Hebrews 10:11-18  And every priest stands daily at his service, offering repeatedly the same sacrifices, which can never take away sins.  12 But when Christ had offered for all time a single sacrifice for sins, he sat down at the right hand of God,  13 waiting from that time until his enemies should be made a footstool for his feet.  14 For by a single offering he has perfected for all time those who are being sanctified.  15 And the Holy Spirit also bears witness to us; for after saying,  16 “This is the covenant that I will make with them after those days, declares the Lord: I will put my laws on their hearts, and write them on their minds,”  17 then he adds, “I will remember their sins and their lawless deeds no more.”  18 Where there is forgiveness of these, there is no longer any offering for sin.

Hebrews 4:14-16   14 Since then we have a great high priest who has passed through the heavens, Jesus, the Son of God, let us hold fast our confession.  15 For we do not have a high priest who is unable to sympathize with our weaknesses, but one who in every respect has been tempted as we are, yet without sin.  16 Let us then with confidence draw near to the throne of grace, that we may receive mercy and find grace to help in time of need.

Verse:

By Michael Bruce (1764) – written at the age of 18

Where high the heavenly temple stands,
the house of God not made with hands,
a great High Priest our nature wears,
the Guardian of mankind appears.

He, who for men their surety stood,
and poured on earth his precious blood,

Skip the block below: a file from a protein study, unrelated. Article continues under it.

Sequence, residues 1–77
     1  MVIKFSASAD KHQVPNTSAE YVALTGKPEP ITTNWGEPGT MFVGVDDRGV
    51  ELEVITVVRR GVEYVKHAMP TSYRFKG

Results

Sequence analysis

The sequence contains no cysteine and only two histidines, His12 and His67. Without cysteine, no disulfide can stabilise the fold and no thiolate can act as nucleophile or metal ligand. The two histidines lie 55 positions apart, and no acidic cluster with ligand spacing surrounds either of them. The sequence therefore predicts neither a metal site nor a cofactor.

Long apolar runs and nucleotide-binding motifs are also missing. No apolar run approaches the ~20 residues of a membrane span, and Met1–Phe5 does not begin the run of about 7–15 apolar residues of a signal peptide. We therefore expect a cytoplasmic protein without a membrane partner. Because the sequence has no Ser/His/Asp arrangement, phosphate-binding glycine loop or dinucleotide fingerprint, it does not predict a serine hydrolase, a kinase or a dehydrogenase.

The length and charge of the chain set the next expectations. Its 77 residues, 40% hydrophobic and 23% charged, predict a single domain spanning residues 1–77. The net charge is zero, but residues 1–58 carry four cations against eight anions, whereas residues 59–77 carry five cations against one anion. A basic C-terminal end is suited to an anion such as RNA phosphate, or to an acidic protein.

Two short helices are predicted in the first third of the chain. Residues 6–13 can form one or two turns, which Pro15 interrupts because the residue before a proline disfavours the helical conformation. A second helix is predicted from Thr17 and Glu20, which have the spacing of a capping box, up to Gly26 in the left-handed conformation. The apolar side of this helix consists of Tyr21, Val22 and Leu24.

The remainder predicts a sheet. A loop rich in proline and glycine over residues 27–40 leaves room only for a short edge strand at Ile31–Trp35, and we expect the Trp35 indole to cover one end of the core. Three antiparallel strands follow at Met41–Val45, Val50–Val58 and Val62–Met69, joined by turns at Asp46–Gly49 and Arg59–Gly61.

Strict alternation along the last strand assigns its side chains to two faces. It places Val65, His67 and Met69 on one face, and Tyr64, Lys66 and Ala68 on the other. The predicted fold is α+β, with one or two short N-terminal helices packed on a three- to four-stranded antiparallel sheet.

pursues in heaven his mighty plan,
the Savior and the Friend of man.

Though now ascended up on high,
he bends on earth a brother’s eye;
partaker of the human name,
he knows the frailty of our frame.

Our fellow-sufferer yet retains
a fellow feeling of our pains;
and still remembers in the skies
his tears, his agonies and cries.

In every pang that rends the heart
the Man of Sorrows had a part;
he sympathizes with our grief,
and to the sufferer sends relief.

With boldness therefore at the throne
let us make all our sorrows known;
and ask the aid of heavenly power
to help us in the evil hour.

Why Do We Have Tongues?

July 6, 2013

From Isaac Watts’ “Shepherds, Rejoice!” (1709) – his rendition of the appearing of the angels to the shepherds in Luke 2. I expect to quote these lines in tomorrow’s sermon on Matthew 12:15-50:

Lord, and shall angels have their songs,
And men no tunes to raise?
O, may we lose our useless tongues
When they forget to praise!

Glory to God that reigns above,
That pitied us forlorn!
We join to sing our Maker’s love,
For there’s a Savior born.

Upon A Life I Have Not Lived

July 3, 2013

Sunday we sang the Indelible Grace version of “Upon a Life I Have Not Lived.” The original version was written by Horatius Bonar in 1881 as a communion hymn. The entire poem, containing a number of additional stanzas, is below. You can see the complete volume of his richly theological communion hymns at this link.